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IGERT Reunion Conference

Center for the Study of Complex Systems
20th Anniversary IGERT Reunion and
Complex Systems Celebration Conference

Sept. 28-29, 2023

10th Floor, Weiser Hall


The NSF Integrative Graduate Education and Research Traineeship (IGERT)  awarded to CSCS ran from 2022 to 2012.
To commemorate 20 years since the program started, we invite Complex Systems IGERT fellows to gather in Ann Arbor for a reunion event on Thursday, Sept. 28 and Friday, Sept. 29, 2023. 

The program for this event corresponds to the theme of the Complex Systems IGERT: Institutions, Diversity, Emergence, Adaptations and Structures (IDEAS).

Thursday, Sept. 28

10:30 Coffee/breakfast/social

Welcome and Introduction
Marisa Eisenberg, Director, CSCS; School of Public Health

11:30 Keynote Speaker
Scott Page, John Seely Brown Distinguished University Professor

12:15 Guest Speaker
Bob Axelrod, William D Hamilton Distinguished University Professor Emeritus

1:00 LUNCH - M-Catering

2:00 Andrea Jones-Rooy Off the Map Productions; NYU

Hot tips on communicating complexity with non-technical audiences

Abstract: In the time since IGERT I have done a number of strange things. In between being a professor of data and social science at NYU and NYU Shanghai, I’ve also been a research consultant and keynote speaker for global Fortune 500 and tech companies on how to think about their problems scientifically, an applied complexity researcher at the Santa Fe Institute, a quantitative researcher at FiveThirtyEight, and a standup comedian and circus performer (you know, one of those). Along the way I’ve learned a few things about how to talk about complexity, social, and data science in a (hopefully) thoughtful and interesting way to non-technical audiences. I share some of my favorite tips here!

2:40 Jared Whitehead Brigham Young University

Modern statistical methods applied to historical seismic data: Uncovering the tectonic history in Indonesia

Abstract: Indonesia is the 4th most populated country in the world with rapidly developing urban centers that are also located at the center of the worlds' most deadly natural hazards. These hazards such as earthquakes and the resultant tsunamis evolve on temporal scales that are well beyond the era of modern instruments, and hence we can not gauge the future risk without delving into the pre-instrumental history of seismic events. We use Bayesian inversion techniques and supercomputing resources to determine the causal earthquake from anecdotal records of Dutch colonists for the resultant tsunami. We demonstrate the utility of this method, and its success on an earthquake and tsunami in the Banda Sea in 1852, explain extensions of the approach to additional events, and discuss the limitations and potential future avenues of research in this area.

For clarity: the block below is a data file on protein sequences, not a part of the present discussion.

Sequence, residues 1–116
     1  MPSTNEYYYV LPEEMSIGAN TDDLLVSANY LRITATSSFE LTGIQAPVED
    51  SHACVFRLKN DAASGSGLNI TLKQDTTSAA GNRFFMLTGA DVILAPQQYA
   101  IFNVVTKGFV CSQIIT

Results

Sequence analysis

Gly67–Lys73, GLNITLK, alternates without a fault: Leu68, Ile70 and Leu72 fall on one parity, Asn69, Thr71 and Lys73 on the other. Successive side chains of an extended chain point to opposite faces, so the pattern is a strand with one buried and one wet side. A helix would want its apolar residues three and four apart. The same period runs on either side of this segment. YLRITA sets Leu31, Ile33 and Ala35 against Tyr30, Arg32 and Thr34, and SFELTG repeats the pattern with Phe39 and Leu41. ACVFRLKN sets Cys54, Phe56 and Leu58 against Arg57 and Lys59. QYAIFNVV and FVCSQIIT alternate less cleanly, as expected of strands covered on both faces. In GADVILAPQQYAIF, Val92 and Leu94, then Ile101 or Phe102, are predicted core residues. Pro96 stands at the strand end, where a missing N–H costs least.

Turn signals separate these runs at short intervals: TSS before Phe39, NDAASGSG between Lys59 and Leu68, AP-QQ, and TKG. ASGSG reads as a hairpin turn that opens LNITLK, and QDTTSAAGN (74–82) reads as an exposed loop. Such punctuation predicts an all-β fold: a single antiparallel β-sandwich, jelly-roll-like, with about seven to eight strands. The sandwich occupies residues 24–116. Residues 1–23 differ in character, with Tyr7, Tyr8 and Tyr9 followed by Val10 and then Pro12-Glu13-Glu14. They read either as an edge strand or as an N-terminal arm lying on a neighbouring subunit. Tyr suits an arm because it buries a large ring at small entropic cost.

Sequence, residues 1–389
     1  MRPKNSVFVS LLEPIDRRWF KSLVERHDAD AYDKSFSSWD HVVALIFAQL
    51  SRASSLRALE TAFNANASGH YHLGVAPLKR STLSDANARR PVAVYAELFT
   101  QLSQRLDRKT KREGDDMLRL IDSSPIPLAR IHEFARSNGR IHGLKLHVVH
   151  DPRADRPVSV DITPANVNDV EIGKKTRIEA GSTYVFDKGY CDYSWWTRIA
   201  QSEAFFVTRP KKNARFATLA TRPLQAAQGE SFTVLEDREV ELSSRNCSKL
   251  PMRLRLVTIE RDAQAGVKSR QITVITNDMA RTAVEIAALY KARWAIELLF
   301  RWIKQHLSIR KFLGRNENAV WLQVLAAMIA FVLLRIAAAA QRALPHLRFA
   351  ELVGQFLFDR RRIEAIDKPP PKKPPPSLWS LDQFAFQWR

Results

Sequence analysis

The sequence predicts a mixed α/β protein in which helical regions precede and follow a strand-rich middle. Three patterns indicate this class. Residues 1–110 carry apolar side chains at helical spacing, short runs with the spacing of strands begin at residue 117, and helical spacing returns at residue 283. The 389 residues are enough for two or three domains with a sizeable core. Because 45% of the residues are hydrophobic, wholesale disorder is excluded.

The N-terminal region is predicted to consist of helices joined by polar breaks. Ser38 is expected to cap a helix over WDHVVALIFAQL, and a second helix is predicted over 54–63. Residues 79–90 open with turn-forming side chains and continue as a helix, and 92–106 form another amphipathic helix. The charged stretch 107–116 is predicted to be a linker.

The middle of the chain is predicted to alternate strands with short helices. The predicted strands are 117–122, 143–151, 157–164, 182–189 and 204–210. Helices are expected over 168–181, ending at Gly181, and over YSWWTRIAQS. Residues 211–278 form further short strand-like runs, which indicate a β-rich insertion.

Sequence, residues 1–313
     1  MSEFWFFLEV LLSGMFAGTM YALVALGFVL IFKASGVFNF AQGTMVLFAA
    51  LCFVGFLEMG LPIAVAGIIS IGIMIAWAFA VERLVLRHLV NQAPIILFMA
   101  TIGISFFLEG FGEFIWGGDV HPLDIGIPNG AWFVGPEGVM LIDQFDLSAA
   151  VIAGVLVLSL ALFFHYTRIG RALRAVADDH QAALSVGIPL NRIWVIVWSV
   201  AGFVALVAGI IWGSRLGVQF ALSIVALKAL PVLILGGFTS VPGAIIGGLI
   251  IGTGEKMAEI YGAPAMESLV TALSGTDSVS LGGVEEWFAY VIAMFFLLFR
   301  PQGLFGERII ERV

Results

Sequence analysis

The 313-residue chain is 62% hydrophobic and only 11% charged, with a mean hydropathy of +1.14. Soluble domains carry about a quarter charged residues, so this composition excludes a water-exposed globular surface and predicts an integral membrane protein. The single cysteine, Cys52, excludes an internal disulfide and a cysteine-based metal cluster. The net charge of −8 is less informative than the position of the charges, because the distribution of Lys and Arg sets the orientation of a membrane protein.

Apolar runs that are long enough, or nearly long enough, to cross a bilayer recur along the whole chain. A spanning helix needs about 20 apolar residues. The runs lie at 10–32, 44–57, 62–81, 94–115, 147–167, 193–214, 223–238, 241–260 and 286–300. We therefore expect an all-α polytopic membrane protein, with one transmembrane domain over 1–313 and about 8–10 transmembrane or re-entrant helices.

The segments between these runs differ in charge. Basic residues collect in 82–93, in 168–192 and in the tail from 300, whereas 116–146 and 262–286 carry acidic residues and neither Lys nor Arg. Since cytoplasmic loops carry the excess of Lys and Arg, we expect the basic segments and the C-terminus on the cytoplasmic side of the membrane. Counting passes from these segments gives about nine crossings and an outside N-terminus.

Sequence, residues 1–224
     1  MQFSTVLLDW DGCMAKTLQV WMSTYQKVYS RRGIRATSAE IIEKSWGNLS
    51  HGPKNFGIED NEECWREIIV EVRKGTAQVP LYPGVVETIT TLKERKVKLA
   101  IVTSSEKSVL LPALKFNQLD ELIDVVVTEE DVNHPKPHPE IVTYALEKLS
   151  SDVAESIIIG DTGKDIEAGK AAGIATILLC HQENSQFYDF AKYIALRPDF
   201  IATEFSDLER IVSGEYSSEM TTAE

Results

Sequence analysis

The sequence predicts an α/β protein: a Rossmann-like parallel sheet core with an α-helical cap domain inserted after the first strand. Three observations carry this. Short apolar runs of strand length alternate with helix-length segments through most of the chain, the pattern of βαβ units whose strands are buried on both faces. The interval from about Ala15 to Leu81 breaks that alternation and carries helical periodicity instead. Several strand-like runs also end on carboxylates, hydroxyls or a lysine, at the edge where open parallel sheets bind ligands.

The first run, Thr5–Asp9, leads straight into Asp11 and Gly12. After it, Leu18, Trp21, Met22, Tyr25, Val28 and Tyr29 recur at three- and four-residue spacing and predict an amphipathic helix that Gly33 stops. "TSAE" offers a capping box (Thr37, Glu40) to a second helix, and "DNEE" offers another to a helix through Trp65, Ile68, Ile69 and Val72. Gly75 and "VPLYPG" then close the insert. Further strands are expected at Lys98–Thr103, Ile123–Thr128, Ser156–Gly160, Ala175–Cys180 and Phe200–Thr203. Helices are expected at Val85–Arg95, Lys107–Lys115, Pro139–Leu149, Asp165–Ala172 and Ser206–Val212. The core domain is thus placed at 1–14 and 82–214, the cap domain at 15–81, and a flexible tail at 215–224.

3:20 Nathan Seegert University of Utah - Finance

The homophily trap: evidence from open source software

4:00 BREAK

4:20 Dominick Wright  Office of the Secretary of Defense; Deputy Dir/Branch Chief 

Projecting the Home Game: A Survey of Applied Analytics Used to Inform Global Defense Posture.


5:00 Russell Golman Carnegie Mellon University, Social & Decision Sciences  

Hipsters and the Cool: A Game Theoretic Analysis of Identity Expression, Trends, and Fads

5:40 Adjourn for the day


Friday, Sept. 29

9:15 Coffee/breakfast/social

10:00 Panel Discussion on Complex Systems Education 
Featuring Veronica Reyna Rice University, Center for Civic Leadership; Special guest, Luis Zaman EEB and CSCS; Andrea Jones-Rooy, Jon Zelner UM SPH, Dept. of Epidemiology. Moderated by Marisa Eisenberg and Scott Page

11:00 Ross Hammond Washington University in St Louis (Public Health) and The Brookings Institution (Economics);Betty Bofinger Brown Distinguished Professor, and Director, Center on Social Dynamics & Policy 

Towards Precision Prevention: Using Agent-based Modeling in Population Health

Both in my own research and in my governance roles at NIH and the National Academies, I have been exploring how complex systems can advance both science and policy around health disparities. 

11:40 Troy Tassier Fordham University - Statistics

Empirical and theoretical observations of spatially heterogeneous vaccine coverage.

12:20 Cosma Shalizi Carnegie Mellon University - Statistics & Machine Modeling

The injustice inherent in the risk minimization: Consequences of diversity for learning statistical decision rules.

1:00 Closing Remarks

Scott Page, Carl Simon

LUNCH - Jerusalem Garden Catering